Several studies indicate that young LTRs are still repressed by G9a after 5-aza-CdR treatment due to epigenetic switch. Therefore, a combination treatment with 5-aza-CdR plus G9a inhibitor (G9ai) simultaneously removes both repressive mechanisms, resulting in further upregulation of young HERV expression [19,22].
In this scenario, the upregulation of HERVs by dual inhibition of DNA and histone methyltransferases is rapidly becoming of interest for predicting cancer patient response to epigenetic therapies [23,24]. Indeed, cancer immunotherapy may benefit from HERV reactivation induced by epigenetic drugs, and the stimulation of a viral mimicry state (Table 2) [25].
Alternatively, HERV reactivation can be tumor-associated. Indeed, a dysregulated expression of HERVs in human cancers appears to be due to tumor-specific DNA hypomethylation. As a result, HERV reactivation may lead to viral protein synthesis with the generation of newly unexplored tumor-specific antigens (TSAs). These antigens may potently elicit antitumor B and T cell responses, and positively impact on cancer immunotherapy (Table 2) [26].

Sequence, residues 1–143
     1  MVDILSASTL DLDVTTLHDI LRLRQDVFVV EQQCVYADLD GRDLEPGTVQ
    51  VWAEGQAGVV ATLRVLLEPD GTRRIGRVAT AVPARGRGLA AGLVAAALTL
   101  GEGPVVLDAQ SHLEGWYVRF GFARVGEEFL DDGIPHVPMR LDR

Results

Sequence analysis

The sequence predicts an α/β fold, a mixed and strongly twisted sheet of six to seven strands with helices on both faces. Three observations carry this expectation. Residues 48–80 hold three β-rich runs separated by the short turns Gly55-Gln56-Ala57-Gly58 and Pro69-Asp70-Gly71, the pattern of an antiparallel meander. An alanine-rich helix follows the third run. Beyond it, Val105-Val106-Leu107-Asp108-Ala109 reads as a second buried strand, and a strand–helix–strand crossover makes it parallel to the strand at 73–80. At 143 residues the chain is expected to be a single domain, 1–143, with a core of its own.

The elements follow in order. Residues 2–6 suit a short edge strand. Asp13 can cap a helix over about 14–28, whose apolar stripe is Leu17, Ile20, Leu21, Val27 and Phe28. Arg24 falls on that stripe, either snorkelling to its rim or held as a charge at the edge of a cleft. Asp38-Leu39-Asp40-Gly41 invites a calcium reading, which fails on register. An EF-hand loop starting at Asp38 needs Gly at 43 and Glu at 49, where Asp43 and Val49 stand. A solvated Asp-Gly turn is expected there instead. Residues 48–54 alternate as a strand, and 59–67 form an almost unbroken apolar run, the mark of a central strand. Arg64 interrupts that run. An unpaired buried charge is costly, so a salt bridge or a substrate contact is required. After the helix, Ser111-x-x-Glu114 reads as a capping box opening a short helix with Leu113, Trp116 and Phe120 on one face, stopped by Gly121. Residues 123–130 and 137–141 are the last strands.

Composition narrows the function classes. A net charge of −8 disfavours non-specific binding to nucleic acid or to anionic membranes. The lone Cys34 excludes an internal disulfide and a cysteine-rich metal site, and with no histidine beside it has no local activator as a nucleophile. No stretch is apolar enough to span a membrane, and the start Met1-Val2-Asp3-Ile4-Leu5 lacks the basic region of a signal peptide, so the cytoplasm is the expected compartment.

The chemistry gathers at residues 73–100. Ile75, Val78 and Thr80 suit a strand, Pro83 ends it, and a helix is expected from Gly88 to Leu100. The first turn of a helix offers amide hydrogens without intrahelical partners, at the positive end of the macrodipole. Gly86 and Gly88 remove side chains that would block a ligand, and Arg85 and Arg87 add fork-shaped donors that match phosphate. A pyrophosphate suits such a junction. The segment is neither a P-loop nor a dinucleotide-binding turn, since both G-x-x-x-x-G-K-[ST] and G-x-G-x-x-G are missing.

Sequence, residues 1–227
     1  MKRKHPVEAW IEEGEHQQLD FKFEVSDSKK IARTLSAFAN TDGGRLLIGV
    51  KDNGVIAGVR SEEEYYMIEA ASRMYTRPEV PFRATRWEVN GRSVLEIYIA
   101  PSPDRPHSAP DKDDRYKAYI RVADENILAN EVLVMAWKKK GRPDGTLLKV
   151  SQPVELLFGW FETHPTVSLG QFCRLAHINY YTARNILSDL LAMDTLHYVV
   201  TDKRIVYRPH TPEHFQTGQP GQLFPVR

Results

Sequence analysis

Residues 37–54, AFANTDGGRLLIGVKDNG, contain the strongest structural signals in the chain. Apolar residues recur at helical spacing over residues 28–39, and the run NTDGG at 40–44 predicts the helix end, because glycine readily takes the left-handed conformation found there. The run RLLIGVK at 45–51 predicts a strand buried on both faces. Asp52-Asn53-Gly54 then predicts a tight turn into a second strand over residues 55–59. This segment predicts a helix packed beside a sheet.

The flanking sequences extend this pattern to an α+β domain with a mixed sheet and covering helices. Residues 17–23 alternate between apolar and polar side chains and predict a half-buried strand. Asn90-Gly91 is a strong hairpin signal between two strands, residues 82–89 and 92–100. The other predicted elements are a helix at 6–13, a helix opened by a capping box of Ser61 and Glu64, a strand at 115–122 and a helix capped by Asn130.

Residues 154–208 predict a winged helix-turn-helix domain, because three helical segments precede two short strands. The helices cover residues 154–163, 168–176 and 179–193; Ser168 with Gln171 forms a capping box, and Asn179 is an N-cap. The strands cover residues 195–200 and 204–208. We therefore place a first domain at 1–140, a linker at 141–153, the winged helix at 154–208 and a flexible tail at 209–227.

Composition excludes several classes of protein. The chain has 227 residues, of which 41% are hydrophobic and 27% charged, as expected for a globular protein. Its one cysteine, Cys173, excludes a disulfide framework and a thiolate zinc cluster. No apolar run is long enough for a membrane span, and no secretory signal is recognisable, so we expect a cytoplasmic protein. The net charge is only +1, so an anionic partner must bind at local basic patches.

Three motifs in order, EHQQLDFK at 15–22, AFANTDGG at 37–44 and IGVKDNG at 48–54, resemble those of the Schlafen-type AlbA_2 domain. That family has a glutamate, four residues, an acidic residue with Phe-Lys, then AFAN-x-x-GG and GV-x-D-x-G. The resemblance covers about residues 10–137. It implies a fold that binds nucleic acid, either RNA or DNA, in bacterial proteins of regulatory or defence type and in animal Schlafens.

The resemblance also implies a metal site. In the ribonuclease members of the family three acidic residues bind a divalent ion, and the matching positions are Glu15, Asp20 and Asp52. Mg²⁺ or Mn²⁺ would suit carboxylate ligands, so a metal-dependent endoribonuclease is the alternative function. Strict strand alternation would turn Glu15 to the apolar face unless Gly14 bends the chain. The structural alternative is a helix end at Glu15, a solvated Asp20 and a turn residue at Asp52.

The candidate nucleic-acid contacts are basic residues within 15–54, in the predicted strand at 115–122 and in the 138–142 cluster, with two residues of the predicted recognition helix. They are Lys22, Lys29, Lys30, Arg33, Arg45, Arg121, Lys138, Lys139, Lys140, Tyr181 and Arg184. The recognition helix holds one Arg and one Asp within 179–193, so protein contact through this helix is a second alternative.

A third significant aspect of HERV reactivation is associated with the expression of long noncoding RNAs (lncRNAs), as recently observed in hepatocellular carcinoma (Table 2) [27,34].
Overall, HERV reactivation in cancer cells may result in (a) a viral mimicry state, (b) generation of highly tumor-specific antigens and (c) expression of LTR-activated transcripts, including lncRNAs (Figure 1).

3. Viral Mimicry State

The overexpression of HERV RNAs (dsRNA) is sensed by intracellular pattern recognition receptors (PRRs) [28,29,35] and may induce a viral mimicry state, leading to an inflammatory environment able to recruit numerous immune cells to the tumor site. Indeed, the inherent DNA hypomethylation in some tumors may result in the activation and overexpression of HERVs. Alternatively, tumors characterized by a low HERV expression can be reverted by epigenetic therapy to overexpress HERV RNA transcripts. Ultimately, the HERV-associated viral mimicry state can provide a synergistic effect with anticancer therapy [36,37].
PRRs represent, indeed, a barrier adopted by the innate immune system against microbial infections. PRRs are able to recognize highly conserved motifs of microbial origin, known as pathogen-associated molecular patterns (PAMPs), as well as damage-associated molecular patterns (DAMPs), initiating a response that culminates with the production of type I interferons (i.e., IFNα and IFNβ) and proinflammatory cytokines [30].